Hoyer says Democrats are flexible on unemployment benefits: 'It's not $600 or bust'

House Majority Leader Steny HoyerSteny Hamilton HoyerHouse will be out of session for additional week in September The Hill's Morning Report - Presented by the Air Line Pilots Association - Negotiators 'far apart' as talks yield little ahead of deadline On The Money: Pessimism grows as coronavirus talks go down to the wire | Jobs report poised to light fire under COVID-19 talks | Tax preparers warn unemployment recipients could owe IRS MORE (D-Md.) said Tuesday that Democrats are not insisting $600 federal unemployment payments be included in the massive coronavirus relief package under negotiation between the two parties.

In a CNN interview, Hoyer hammered the $1 trillion emergency relief package, unveiled Monday by Senate Republicans, as grossly inadequate for meeting the health and economic needs of a country that's been ravaged on both fronts.

The GOP measure includes a $200 weekly bump above state unemployment insurance benefits — a third of the additional federal payment included in the $2.2 trillion CARES Act, which passed with overwhelming bipartisan support in late March.

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Yet Hoyer also indicated that Democrats, while opposed to the $200 figure, aren't married to the initial $600, either.

"It's not $600 or bust," he said on CNN's "New Day" program. "Speaker [Nancy] Pelosi [D-Calif.] said the other day, which I thought was a great line, 'We don't have red lines. We have values. And we're going into these negotiations with values.'"

House Democrats in May passed an enormous $3.4 trillion emergency relief package, which largely extended funding for the programs established under the CARES Act, including hundreds of billions of dollars for state and local governments, medical supplies, coronavirus testing, and direct payments to individuals and families.

It also extended the $600 federal weekly jobless payments through January. The subsidy is designed to ensure that workers who lost their jobs as a result of the pandemic received 100 percent of lost wages, not just the fraction of their paychecks as established — with varying generosity — by the 50 states.

"The reason we had $600 was its simplicity," Pelosi said Sunday in an interview with CBS News's "Face the Nation."

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Yet the $600 payment has, in some cases, provided laid-off workers with higher incomes than they received in the jobs they lost. Republicans have warned that those dynamics create a disincentive for workers to return to their jobs, thereby slowing the national economic recovery on the whole.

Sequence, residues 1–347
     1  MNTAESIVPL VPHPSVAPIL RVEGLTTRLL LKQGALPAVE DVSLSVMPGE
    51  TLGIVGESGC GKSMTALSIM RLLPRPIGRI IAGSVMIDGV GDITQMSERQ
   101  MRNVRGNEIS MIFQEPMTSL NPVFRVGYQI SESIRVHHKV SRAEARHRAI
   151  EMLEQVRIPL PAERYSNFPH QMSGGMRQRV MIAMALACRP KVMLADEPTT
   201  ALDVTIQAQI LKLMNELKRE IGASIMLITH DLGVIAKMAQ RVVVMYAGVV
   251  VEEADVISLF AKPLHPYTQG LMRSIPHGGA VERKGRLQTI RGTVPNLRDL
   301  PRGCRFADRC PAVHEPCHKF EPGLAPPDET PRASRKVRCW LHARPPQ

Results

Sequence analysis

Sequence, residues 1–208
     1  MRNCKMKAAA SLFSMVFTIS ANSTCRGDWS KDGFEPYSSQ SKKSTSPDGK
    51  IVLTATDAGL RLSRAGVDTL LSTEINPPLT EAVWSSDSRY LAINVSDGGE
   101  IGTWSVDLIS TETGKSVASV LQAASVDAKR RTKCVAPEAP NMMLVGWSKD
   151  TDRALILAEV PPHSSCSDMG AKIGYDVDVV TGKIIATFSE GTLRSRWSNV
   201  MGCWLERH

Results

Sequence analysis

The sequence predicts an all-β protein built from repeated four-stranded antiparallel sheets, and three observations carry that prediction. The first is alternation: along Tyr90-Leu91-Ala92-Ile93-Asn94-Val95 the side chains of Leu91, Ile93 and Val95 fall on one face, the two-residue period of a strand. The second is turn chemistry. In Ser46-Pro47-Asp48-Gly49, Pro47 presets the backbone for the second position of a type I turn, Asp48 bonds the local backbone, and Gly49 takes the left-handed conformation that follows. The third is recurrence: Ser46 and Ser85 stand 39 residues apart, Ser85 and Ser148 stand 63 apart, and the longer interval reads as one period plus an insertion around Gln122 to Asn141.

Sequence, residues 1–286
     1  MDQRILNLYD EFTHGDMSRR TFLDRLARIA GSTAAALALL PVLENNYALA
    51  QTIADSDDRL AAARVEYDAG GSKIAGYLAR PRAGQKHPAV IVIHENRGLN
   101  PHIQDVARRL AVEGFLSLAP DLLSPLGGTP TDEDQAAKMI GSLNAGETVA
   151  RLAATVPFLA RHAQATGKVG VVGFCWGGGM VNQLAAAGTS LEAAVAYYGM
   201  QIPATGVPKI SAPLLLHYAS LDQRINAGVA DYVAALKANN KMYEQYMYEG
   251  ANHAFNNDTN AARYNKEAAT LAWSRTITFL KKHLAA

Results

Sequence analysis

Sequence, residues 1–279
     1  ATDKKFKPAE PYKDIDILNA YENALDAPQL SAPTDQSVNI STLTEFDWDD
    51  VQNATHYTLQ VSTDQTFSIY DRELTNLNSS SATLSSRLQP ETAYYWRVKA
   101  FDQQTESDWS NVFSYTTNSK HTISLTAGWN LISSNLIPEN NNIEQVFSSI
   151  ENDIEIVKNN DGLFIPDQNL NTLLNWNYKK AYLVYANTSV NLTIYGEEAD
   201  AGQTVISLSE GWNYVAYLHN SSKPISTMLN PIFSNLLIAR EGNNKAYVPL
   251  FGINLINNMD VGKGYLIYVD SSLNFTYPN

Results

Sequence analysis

Hoyer on Tuesday said that concern "has some validity to it."

"And we ought to deal with that," he said.

But cutting the $600 payment down to $200, Hoyer added, is not the way to go about it.

"There is a way to deal with that. But not this way, not cold turkey, not 'Here you have it. Now you don't,'" he said. "The American people were relying on that."

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In recent weeks, Pelosi has said Democrats will be flexible when it comes to the $600 payment. If the figure is reduced, she's said, Congress would have to compensate the difference through other programs, such as direct payments to families and individuals.

"That pillar is about putting money into the pockets of the American people. One piece of it is unemployment insurance and the benefit you are talking about, and another part of it is how we put direct payments into the families," she said. "So we'll see what that entire package looks like."

The Republicans' $1 trillion package includes a $1,200 direct payment for individuals up to a certain income threshold, designed in similar fashion to the benefit established under the CARES Act.

To iron out the differences between the House and Senate packages, Pelosi and Senate Minority Leader Charles SchumerChuck SchumerTo save the Postal Service, bring it online White House officials, Democrats spar over legality, substance of executive orders Schumer declines to say whether Trump executive orders are legal: They don't 'do the job' MORE (D-N.Y.) are in discussions with Treasury Secretary Steven MnuchinSteven Terner MnuchinTeachers union launches 0K ad buy calling for education funding in relief bill What Trump's orders will and won't do for payroll taxes, unemployment benefits No signs of breakthrough for stalemated coronavirus talks MORE and White House chief of staff Mark MeadowsMark Randall MeadowsTeachers union launches 0K ad buy calling for education funding in relief bill No signs of breakthrough for stalemated coronavirus talks On The Money: Administration defends Trump executive orders | CBO reports skyrocketing deficit | Government pauses Kodak loan pending review MORE.

The group met Monday evening for nearly two hours in Pelosi's office and is expected to huddle again Tuesday at 4 p.m.